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body, various, fibres, description, animal, substance and cellular

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LOGIN The anatomical deecription of the body is technically arranged under the following heads : I. Osteology, or the description of the structure, shape, and uses of the hones.

2. Syndesmology, or a description of the connection of bones by ligaments, and of the structure of the joints.

Myology, or doctrine of the moving powers or muscles.

4. Angeiology, or description of the vessels engaged in nourishingthe body,in absorption, and in the removal of super fluous parts.

5. Adenology, or account of the glands, in which various liquors are separated or prepared from the blood.

6. Splanchnology, or a description of the different bowels which serve various and dissimilar purposes in the animal eco nomy.

7. Neurology, under which title the brain, the nerves, and the organs of sense must be comprehended, The functions carried on in animals, in the explanation of which physiology con sists, and for the detailed account of which we refer the reader to the article PHYSIO LOGY, may be thus arranged.

1.Digestion, or the conversion of extra neous matter into a substance fit for the nourishment of their own bodies.

2. Absorption, by which the nutritive fluid is taken up and conveyed into the vascular system, and by which the old parts of our body are removed.

3. Respiration, or the exposure of the nutritive fluid to the action of the atmos phere.

4. Circulation, or the distribution of the converted matter to every part of the animal, for its repair and augmentation. The process is named ci rculation, from the mode in which it is carried on in the ge nerality of animals.

5. Secretion, or the separation and de position of the particles composing tlte structure of animals and vegetables, as well as the formation of various substan ees which they produce from the circu lating fluids.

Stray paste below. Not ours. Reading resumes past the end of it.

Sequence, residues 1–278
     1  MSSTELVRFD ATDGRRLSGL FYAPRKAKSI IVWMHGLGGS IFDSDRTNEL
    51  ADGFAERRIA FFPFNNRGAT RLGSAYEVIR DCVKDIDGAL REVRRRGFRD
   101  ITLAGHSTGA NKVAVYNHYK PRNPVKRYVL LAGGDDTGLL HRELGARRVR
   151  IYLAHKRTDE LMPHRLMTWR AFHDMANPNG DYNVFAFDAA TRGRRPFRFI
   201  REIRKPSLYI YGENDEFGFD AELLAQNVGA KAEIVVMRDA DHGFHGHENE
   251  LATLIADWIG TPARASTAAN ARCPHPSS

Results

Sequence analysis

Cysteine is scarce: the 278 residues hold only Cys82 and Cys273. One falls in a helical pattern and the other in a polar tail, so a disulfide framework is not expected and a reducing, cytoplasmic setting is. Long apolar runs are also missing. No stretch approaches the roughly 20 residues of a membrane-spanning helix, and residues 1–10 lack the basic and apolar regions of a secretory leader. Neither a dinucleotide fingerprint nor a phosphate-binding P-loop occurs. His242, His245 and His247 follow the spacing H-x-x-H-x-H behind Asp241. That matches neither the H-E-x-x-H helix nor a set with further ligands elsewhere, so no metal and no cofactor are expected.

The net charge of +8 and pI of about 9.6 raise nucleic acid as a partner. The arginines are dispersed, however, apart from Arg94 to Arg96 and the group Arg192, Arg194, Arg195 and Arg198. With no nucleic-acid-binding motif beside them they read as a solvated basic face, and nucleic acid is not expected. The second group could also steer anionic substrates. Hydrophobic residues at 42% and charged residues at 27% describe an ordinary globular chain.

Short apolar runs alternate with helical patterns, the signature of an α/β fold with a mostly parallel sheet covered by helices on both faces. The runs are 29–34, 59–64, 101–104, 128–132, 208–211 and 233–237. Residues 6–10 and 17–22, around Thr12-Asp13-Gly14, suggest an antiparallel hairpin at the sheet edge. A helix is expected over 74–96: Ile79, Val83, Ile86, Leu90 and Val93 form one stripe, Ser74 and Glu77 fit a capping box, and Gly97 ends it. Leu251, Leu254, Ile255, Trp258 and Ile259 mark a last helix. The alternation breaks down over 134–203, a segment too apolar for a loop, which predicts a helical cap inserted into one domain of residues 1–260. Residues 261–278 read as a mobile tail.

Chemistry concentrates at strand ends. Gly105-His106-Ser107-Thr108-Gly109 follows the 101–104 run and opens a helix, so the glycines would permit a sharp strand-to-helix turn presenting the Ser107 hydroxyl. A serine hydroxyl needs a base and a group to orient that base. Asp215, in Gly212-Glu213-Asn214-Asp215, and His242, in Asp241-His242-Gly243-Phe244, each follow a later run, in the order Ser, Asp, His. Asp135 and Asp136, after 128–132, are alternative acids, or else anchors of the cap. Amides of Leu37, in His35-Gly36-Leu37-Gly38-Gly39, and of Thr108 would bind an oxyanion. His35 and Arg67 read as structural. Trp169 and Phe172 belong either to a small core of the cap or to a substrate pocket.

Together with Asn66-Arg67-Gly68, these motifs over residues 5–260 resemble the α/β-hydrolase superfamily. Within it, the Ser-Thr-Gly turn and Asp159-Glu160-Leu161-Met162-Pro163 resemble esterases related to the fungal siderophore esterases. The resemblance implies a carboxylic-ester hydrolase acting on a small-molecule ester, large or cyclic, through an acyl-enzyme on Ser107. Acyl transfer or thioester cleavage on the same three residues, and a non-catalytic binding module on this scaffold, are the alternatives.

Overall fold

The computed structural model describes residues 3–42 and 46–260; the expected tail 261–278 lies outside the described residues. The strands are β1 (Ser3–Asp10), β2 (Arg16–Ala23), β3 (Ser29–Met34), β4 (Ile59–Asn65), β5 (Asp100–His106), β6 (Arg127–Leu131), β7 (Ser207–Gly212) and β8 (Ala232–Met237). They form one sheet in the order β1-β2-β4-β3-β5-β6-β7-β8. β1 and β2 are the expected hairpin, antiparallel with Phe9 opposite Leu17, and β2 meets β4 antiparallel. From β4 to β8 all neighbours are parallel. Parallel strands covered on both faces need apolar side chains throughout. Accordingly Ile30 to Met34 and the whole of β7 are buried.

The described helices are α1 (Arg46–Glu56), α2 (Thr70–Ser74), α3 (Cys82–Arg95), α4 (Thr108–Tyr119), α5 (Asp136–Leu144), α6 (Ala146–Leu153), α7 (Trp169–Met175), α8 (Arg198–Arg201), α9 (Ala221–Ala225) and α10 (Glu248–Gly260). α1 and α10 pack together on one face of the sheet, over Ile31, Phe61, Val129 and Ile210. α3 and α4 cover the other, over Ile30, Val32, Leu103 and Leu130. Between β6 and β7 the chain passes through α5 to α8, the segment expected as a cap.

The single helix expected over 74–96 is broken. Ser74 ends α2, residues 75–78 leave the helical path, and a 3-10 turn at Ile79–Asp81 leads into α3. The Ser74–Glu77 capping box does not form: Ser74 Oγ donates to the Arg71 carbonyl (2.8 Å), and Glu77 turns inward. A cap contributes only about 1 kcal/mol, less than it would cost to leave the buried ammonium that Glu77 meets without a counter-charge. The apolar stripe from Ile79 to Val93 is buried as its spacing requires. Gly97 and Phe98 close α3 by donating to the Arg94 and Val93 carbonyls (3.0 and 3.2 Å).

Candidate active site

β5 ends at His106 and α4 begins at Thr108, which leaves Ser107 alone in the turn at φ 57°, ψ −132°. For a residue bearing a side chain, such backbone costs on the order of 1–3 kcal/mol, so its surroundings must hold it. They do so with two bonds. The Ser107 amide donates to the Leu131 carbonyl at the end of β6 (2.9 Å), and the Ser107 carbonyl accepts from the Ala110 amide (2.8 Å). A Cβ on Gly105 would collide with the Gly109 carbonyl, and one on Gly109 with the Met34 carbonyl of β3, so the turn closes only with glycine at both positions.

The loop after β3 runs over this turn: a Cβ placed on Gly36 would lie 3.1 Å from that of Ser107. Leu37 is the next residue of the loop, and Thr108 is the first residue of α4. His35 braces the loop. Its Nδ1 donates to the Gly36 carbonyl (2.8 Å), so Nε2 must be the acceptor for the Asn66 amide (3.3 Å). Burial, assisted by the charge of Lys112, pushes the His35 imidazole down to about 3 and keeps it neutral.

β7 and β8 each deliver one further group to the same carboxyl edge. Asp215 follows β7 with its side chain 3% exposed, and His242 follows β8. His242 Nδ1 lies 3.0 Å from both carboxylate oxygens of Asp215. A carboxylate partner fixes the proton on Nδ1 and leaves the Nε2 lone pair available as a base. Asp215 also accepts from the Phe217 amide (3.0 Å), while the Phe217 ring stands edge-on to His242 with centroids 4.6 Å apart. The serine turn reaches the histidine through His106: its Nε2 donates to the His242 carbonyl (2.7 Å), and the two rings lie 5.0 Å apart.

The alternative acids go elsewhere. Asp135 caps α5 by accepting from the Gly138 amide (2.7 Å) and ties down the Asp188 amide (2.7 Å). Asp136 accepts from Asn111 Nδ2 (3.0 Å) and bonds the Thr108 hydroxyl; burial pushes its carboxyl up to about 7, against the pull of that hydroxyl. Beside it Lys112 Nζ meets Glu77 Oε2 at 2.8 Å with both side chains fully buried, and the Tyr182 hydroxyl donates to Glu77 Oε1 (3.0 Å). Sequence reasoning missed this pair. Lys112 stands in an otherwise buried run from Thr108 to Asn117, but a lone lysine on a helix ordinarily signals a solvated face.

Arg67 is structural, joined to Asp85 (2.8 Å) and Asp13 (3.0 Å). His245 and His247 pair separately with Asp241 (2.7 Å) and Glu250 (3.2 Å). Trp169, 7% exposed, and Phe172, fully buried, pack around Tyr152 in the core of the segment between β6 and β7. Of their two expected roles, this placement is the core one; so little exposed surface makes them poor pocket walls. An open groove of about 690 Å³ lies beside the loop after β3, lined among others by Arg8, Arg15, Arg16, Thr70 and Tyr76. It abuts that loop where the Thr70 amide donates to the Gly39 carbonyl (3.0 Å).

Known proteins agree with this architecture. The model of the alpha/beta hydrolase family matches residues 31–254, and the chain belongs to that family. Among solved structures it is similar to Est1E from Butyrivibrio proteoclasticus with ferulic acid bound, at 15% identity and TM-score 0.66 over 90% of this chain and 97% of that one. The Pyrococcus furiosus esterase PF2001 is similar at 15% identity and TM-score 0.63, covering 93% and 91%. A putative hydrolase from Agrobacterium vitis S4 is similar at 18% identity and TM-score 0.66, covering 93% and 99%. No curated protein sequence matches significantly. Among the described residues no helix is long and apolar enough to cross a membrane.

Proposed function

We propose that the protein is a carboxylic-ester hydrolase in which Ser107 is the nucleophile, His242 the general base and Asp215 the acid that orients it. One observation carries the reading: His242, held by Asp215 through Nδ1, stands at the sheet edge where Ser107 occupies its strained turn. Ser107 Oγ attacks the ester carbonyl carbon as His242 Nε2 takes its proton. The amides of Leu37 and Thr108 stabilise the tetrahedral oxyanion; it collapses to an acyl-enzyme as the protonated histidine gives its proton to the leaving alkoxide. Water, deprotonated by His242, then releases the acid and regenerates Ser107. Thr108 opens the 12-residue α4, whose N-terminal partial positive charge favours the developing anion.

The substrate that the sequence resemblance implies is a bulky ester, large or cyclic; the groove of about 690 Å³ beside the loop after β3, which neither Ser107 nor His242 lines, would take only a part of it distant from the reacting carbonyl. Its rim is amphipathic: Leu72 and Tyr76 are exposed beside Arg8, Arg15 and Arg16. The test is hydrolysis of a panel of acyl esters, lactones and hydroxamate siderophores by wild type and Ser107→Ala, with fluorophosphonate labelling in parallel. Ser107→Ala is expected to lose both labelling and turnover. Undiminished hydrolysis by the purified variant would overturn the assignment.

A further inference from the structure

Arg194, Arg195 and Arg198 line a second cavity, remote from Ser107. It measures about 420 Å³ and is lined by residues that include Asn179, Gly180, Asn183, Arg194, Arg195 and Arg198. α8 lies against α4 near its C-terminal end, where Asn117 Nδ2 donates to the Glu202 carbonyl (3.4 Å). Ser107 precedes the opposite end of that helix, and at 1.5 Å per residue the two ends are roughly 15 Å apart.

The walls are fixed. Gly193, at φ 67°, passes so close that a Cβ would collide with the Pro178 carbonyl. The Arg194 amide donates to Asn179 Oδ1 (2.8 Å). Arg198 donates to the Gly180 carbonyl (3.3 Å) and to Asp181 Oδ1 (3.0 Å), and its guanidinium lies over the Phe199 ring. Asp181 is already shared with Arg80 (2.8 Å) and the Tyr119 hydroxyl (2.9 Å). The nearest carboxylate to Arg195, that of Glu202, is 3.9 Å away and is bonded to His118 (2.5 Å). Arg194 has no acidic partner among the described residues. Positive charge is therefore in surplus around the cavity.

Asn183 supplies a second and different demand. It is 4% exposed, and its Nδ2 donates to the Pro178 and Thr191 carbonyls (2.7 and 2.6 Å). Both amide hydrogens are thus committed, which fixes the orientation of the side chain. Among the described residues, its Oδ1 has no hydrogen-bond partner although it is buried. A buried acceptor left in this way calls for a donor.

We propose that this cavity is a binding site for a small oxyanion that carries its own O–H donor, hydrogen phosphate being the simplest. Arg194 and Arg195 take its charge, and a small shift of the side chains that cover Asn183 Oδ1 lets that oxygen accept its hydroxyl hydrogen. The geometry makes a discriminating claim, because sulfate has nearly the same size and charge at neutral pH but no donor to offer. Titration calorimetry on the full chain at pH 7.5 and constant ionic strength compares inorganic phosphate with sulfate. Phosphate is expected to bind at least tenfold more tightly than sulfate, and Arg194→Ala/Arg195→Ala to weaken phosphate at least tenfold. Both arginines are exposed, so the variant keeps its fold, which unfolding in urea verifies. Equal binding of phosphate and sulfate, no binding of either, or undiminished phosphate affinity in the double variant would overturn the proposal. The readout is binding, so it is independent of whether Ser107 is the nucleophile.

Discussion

6. Irritability, or the principle by which living fibres contract, by means of which absorption and circulation are carried on, and which is more strikingly manifested by the occasional exertions of the muscu lar powers.

7. Sensation, by which animals become conscious of their own existence, and of that of external bodies.

8. Generation, by which new beings, si milar to the parents, are formed and pro duced.

PARTICl/UR INATORIPAL DESCRIPTION OF TIIE IIC3111/: BORT.

After a mirsory notice of the cellular sub stance, which forms the grand uniti ng me dimn of the various structuresin the body, anti of membranes, which are formed of that suhstanee, we shall proceed to de scribe the other parts, chiefly according to the technical arrangement above men tioned.

Celhtlar substance, orcellular membrane, tela cellulosa or IMICOSa of Latin writers, is the medium which connects and sup ports all the various parts and structures of the body. Any person may-gain a gene ral notion of this substance, by observing it in joints of veal, where it is always in flated by the .britchers. It consists of' an assemblage of fibres and laminx of' animal matter, connected to each other so as to form innumerable cells or small.cavities, from whicli its name of cellular is derived. It pervades every part of the animal struc ture. By joining together the minute fi brils of nurscle, tendon, or nerve, it forms obvious and visible fibres ; it collects these fibres into large faseiculi ; and by joining. such faseiculi or bundles to each other, constitutes an entire muscle, tendon, or nerve. It joins together the individual muscles, and is collected in theirintervals. It surrounds each vessel and nerve in the body ; often connecting these parts to gether by a firm kind of capsule, and in a looser form joining them to the neigh bouring Muscles, &c. When condensed into a firm and compact structure, it con stitutes the various membranes of the bo dy, which, by long maceration in water, may be resolved into a loose cellular tex ture. In the bones it forms the basis or Found-work of their fabric, a receptacle, in the interstices of which the earth of bone is deposited. As cellular substance is entirely soluble in boiling water, it is as cribed by chemists to that peculiar modi fication of animal matter termed N-elatine. In consequence of its solution by the uni ted agencies of heat and moisture, the muscular fibres separate from each other, and form the other structures of the body. This effect is seen in meat which is sub jected to long boiling. or stewing for the table, or indeed in a joint which is mere ly over-boiled.

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